I think about writing things down about you a million times a day.

Just yesterday you said, “Ma Ma Ma! Juuuuuuu!!!” as you stood by the refrigerator. I told you to say please and you smiled that HUGE smile of yours with all your teeth and your squinty little eyes and cooed, “eeeeeeessss!”

I melted all over the floor.  You’re not even 18 months old yet.

second child

By comparison your brother didn’t say any real words until well after he turned two. And even then he wasn’t stringing 2-3 words together for a thought or request. He didn’t say “ma ma” until he was a full year older than you are.

It’s not a bad thing. You know Eddie, he says all the things now and he is so smart and articulate. It’s hard to really imagine him not having words.  I wrote down little notes each time he said a new word.

I have not written down any of your words, Birdie.  They just come too fast!  I think maybe the first word was “no”, but I could be wrong. Off the top of my head the words you have are:

  • ma ma
  • da
  • di di (Eddie) –which you don’t say very often. You just know who “Eddie” or “brother” is.
  • woe
  • yo (and also yo, yo! when Daddy comes home.  So silly!)
  • NO!
  • Juuuuu!  (juice, water)
  • mik (milk)
  • num num (for food)
  • ni ni (for goodnight)
  • bye bye
  • aw gu (all gone)
  • hi!
  • shoooooos (shoes)
  • bop (pipe, your pacifier)
  • boom (you repeat this after us, but you also use this for the word “poop”)
  • Ow
  • Di (diaper)
  • eeeeeeeesss! (please)
  • nus (nose)
  • tus (toes)

And I am sure there are more. You study what we say and try to repeat it. It’s so fun that even Eddie tries to teach you words.

second child

You are quite good at knowing all the parts of the face including some body parts like fingers, toes, feet, buns, tummy, and of course penis. Because boys are weird.

You are over 25 pounds and wearing size 5 diapers.

Size 18 months is a hit or miss fit for you. Most shirts don’t quite cover your big buddah belly, but the shorts are the right length.

You want to do everything Eddie does. EVERYTHING. If he is playing on a tablet or a computer or a video game, you think you can do it too.

second child

You are a climber. I’m positive some of my new gray hairs are because you can climb on anything you decide to climb. It’s also freaking Renae out at daycare this fall. She tells us with panic what the newest thing you have climbed is. Daddy and I just nod knowingly.  Yup. That’s Bird.

This summer you crawled up three concrete steps at the cottage and proceeded to fall down them and land on the concrete slab…on your head. You didn’t cry. You just stood up, rubbed your head (where there was a big scratch and a goose egg) and say, “woe.”  Then you walked away.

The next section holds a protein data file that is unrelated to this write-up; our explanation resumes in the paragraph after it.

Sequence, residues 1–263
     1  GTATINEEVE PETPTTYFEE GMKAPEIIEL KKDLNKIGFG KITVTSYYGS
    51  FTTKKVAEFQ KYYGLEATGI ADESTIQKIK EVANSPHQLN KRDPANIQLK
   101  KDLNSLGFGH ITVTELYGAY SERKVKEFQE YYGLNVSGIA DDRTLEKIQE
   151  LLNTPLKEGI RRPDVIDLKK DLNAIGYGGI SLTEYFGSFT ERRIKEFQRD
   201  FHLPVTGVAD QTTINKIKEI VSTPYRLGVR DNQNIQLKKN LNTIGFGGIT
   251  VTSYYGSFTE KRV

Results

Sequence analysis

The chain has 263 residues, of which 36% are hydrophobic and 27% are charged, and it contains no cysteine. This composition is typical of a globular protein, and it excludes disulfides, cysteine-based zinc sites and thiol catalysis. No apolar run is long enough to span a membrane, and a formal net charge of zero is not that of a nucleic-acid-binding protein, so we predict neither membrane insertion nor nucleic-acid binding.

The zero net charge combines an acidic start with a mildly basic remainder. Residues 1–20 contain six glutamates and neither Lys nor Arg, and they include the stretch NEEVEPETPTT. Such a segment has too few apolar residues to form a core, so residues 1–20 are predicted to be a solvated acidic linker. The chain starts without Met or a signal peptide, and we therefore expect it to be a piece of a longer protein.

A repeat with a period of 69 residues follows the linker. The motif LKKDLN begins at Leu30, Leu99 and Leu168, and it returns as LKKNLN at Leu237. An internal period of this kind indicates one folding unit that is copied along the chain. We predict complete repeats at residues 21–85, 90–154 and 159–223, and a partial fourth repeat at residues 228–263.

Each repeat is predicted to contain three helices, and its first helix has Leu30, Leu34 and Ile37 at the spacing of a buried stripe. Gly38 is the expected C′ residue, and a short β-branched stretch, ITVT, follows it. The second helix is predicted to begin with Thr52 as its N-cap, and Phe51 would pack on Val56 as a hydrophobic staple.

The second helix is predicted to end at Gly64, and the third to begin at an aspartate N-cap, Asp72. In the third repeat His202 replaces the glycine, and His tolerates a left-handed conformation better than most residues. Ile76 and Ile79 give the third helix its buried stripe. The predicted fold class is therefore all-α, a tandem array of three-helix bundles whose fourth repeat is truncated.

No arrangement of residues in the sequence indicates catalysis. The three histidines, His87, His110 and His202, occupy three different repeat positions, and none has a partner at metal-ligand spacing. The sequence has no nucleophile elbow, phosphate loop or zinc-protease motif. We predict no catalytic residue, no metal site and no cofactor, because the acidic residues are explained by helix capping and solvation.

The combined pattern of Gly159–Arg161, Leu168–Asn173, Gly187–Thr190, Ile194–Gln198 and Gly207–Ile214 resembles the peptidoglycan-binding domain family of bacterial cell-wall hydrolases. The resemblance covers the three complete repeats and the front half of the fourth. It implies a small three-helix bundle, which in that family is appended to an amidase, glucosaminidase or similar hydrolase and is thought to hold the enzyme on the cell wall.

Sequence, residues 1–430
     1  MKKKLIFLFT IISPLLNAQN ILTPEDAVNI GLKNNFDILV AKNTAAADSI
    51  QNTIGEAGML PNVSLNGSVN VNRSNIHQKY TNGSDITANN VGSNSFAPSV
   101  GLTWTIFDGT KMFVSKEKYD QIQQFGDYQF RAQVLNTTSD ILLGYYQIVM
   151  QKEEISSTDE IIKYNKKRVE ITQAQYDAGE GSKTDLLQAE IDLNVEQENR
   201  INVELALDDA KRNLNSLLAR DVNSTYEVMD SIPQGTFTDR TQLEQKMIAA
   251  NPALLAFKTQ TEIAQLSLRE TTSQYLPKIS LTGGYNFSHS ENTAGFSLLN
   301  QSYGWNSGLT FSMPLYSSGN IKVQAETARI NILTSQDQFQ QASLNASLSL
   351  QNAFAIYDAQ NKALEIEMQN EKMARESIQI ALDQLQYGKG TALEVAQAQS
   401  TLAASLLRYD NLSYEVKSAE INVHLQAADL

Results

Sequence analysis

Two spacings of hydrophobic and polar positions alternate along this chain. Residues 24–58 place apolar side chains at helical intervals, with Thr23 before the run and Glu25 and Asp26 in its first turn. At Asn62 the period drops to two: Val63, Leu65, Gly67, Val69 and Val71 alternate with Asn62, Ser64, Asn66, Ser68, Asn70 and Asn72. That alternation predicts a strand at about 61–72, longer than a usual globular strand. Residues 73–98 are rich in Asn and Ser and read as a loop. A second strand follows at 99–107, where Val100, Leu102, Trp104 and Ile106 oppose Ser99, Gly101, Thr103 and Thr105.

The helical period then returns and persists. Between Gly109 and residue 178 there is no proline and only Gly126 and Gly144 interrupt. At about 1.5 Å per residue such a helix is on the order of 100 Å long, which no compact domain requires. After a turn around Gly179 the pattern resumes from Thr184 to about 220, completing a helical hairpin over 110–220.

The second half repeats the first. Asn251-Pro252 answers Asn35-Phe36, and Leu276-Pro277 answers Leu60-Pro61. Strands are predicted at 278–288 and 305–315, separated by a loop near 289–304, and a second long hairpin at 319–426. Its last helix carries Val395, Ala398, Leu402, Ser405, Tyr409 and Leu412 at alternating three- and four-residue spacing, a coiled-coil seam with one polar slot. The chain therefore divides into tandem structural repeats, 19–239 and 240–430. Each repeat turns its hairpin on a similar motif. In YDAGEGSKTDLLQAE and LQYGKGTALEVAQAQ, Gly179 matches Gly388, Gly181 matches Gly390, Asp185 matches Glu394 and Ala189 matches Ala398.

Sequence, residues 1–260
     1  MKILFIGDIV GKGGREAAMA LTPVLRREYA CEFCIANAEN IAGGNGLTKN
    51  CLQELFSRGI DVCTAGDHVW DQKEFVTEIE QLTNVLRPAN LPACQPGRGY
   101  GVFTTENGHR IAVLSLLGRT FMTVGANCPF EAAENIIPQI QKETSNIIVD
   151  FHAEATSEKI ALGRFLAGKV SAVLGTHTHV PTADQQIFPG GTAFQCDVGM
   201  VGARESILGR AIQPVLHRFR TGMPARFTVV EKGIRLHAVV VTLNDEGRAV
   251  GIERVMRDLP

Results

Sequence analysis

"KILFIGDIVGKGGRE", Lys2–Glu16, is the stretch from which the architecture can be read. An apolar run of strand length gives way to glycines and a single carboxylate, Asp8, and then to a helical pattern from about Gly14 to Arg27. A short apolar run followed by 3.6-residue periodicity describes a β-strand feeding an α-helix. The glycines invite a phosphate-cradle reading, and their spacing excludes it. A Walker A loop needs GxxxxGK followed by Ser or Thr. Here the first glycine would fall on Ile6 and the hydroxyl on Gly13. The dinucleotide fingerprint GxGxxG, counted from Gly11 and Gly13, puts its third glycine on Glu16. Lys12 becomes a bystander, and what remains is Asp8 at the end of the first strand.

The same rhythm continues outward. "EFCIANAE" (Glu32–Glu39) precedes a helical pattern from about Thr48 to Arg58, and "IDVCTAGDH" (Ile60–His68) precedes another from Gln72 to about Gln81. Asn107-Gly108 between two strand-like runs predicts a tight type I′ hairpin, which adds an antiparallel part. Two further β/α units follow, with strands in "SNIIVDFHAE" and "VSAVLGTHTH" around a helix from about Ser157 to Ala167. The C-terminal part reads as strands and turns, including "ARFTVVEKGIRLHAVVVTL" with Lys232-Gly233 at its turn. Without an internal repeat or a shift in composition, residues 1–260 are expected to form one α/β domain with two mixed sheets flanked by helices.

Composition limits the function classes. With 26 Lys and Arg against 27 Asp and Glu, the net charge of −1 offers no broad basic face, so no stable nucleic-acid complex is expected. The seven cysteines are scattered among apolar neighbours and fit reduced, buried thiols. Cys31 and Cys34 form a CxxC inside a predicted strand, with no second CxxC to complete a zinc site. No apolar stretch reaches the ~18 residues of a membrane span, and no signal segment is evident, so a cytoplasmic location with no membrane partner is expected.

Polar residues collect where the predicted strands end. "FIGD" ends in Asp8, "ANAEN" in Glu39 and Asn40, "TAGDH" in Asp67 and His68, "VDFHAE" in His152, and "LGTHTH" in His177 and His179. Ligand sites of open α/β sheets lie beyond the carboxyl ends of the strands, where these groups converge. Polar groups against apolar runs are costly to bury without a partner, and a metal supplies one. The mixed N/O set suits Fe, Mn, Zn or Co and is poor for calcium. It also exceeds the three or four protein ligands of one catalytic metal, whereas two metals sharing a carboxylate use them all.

Your uncles are still talking about how you are indestructible.

second child

I knew you would be fine and I didn’t rush to you.  With Eddie, I would have cried and rocked you and fretted over a concussion.

With you, I gave you a pat on the buns and told you, “good hustle, Bird.”

Am I failing you?

I don’t think we are, but sometimes I question whether we are being fair.

You put yourself to sleep every nap and every night. Sometimes you cry. We let you.

We never let Eddie cry. Never. We spent HOURS rocking him and sleeping on the couch with him. Never did he cry himself to sleepy.

You normally just fall asleep, but when you don’t, we let you cry. It only lasts 15 minutes at the most. Then you are out.

Is this wrong?

Is it because you are the second child?

I think so. In part.

second child

But I also think it’s because you’re not Eddie.

You’re Charlie.

You are a different child.

Yes, you are our second boy. Yes, you are another Sluiter. Yes, you both have blue eyes, blond hair with curls, and a wicked cute smile and dimple.

But you are not the same child, so we are not parenting you as the same child.

You are fiercely naughty in a way Eddie never was. You ignore the word “no” unless you are using it against us. You laugh as you do something you know you’re not supposed to. Did I mention you climb all the things? Even our high top dinner table? You are rarely unhappy unless you are hungry or tired. Then your tantrums are fierce…FIERCE, I say. But quick. As soon as you have a snack or a nap you are back to silly Bird.

second child

And your cuddles. Oh you’re my cuddly momma’s boy. So different than the first time around with Eddie who was incredibly attached to Daddy.

I’ve been a bum about writing things down, yes. I’ll try to get better. I want you to have as rich of a pile of my memories as Eddie does. I want you to know about yourself in a time that you will not remember. I want you to have that.

You are my second child, but you are not second place.  You are not less than First.

You are different.

You are my Charlie T Bird.

And I love you with all of my heart and soul.

Love, Ma Ma